Wednesday, July 14, 2010

Eight Days to Calgary

Ten years ago this very day, Cuppa and AC set off on a very long drive. We were heading off for a month-long trip from Sarnia to Calgary and beyond. These two fifty-plus bods did a lot of camping in a lot of places and had quite an adventure. I put my journal online back then before blogs existed, or at least several years before I knew they existed. Here are some excerpts from the part of the journal that covered the trip out. Perhaps I will eventually add other excerpts from the rest of the trip.




In July 2000, we packed our little, old Corolla to the hilt and rode it mercilessly on a 30-day drive that took us more than 12 000 kilometres through several major geographic regions of Canada. We journeyed from the flat lands of southwestern Ontario, through the rugged Canadian Shield north of Lake Superior, across the gently rolling Prairie, to the majestic Rocky Mountains.

As the more youthful among you might say, "I totally loved this trip. It was like awesome!" Canada truly is an incredibly diverse and glorious land. I loved every part of the journey, but let me confess that The Rocky Mountains magnetized my spirit like a primal force field. Such was their appeal that I dreamt of them reverentially every single night from my first sighting until a month after we got back home.

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Here I sit, bug-swarmed and hot in the forests north of Lake Superior. It is 9:00 p.m., and I am now well-swaddled in clothing in order to minimize skin exposure to the teeming mosquitoes. We tried our best to wash and brush at an outdoor sink earlier, and we learned that we were easy prey for the hungry hordes. My few exposed, fleshly parts have now been liberally applicated with Deep Woods Off. So, maybe I will be able to write a little. There is also a citronella candle/pot burning about one foot from my head.

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I am sitting at a picnic table at Kakabeka Falls Provincial Park, about 30 km past Thunder Bay. It felt like we were still driving west when we passed Thunder Bay, but it’s probably more north of the city. It’s 10:00 p.m., but I still have enough light by which to see the mosquitoes that land on my bare arms. We are almost in the next time zone, so it is really closer to 9:00 or 9:30 sun time, 8 to 8:30 adjusting for daylight savings.

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In all we drove about 587 km today and about 1377 km in the past two. It seemed like a long way, but I’m not sure why as the scenery was fantastic for the most part. You would like to take a picture at every bend in the road, but since you’re on the Trans Canada Highway, it is almost impossible to take any at all. Stopping is too problematic.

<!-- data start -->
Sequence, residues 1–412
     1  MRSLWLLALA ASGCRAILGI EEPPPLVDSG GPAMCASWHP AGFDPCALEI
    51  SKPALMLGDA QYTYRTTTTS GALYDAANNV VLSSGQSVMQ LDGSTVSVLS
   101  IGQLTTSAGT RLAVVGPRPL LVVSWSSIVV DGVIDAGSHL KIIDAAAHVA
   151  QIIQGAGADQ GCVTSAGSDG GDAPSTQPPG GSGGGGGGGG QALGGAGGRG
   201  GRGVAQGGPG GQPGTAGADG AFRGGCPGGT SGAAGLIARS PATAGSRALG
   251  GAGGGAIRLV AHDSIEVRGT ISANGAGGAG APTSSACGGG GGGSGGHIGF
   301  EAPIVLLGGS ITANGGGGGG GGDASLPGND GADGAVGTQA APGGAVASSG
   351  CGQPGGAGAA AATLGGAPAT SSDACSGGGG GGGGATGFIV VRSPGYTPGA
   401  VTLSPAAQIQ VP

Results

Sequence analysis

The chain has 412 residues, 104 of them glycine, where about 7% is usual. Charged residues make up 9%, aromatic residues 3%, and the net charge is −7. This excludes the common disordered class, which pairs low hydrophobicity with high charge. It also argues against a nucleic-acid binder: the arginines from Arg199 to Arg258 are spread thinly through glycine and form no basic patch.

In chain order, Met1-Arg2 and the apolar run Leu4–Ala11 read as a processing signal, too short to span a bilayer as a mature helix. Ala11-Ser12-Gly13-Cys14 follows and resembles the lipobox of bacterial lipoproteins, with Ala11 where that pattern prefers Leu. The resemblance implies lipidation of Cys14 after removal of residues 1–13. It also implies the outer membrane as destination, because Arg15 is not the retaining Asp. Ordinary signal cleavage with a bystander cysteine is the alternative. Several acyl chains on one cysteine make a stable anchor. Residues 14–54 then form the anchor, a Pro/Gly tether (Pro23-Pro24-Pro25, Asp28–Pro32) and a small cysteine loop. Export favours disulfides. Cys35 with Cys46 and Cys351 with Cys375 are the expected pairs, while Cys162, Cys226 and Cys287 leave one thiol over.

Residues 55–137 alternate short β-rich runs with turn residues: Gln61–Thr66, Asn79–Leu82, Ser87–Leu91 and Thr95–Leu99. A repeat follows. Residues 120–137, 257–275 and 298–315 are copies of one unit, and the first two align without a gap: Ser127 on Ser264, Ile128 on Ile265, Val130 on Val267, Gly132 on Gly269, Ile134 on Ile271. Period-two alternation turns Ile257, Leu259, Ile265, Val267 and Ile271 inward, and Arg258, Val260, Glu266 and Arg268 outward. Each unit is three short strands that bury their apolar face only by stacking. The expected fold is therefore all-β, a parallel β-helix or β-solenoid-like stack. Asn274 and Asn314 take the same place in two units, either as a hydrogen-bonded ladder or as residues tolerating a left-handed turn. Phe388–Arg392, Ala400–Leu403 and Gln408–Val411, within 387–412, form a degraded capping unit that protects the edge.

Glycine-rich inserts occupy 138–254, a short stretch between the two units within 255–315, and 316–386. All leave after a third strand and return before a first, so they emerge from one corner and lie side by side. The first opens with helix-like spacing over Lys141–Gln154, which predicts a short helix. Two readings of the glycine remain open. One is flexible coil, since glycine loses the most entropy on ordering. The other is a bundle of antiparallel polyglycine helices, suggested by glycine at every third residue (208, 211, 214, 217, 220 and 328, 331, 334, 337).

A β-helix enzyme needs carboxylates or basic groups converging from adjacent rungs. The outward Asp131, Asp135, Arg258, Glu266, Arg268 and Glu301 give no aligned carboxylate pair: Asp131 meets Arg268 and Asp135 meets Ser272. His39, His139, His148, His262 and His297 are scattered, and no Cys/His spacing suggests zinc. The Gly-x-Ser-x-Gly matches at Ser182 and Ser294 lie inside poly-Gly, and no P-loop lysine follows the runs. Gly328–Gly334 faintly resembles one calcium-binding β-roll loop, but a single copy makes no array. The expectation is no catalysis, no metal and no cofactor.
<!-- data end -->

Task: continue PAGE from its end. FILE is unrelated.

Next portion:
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What a huge province and country! Behold, we have now driven just over 2000 km, and we only arrived in Manitoba, the next province, in the past hour and a half or so. We drove 726 km today and are now in Winnipeg.

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I guess you have to drive through Northern Ontario to appreciate the immensity and the isolation. Towns are so small and so far apart that there was a sign telling us that it was only 3 hours to Dryden. When we got there, it was a settlement of less than 8000 people.

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We resumed our westward trek, and past Brandon, the Trans Canada dwindled to two-lanes and stayed that way until the outskirts of Regina. The other thing that I should mention is the westward incline. For probably 80 to 90 percent of the time, the road grade inclines noticeably to the west. You notice this most when you look in the rear-view mirror, and you can see that the land slopes down behind you.

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The highlight of the day, I think for both of us, was a detour we made into the Qu’Appelle Valley. On a whim I followed a sign that told of a Scenic Qu’Appelle drive after 33 km. So, we took the path less travelled and, eventually, after some panic from Cuppa, who couldn’t find our road on the map, came upon the Qu’Appelle Valley. It was quite a sight to behold. Sometimes, it’s well worth leaving the beaten path.

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It is especially rolling, almost rugged, down here in the extreme southwest of Saskatchewan where we are now camping. We are at Cypress Hill Provincial Park, and the local area is, indeed, hilly. It is quite a nice park, with lots of amenities, such as a Subway restaurant where we had a late supper ... From Shaunavon, we followed "The Red Coat Trail" (#13) that the RCMP took westward from Gull Lake . Once again, the country was very rolling, but it was getting more desiccated. The road was a bit rough, and our little Corolla bottomed out a few times.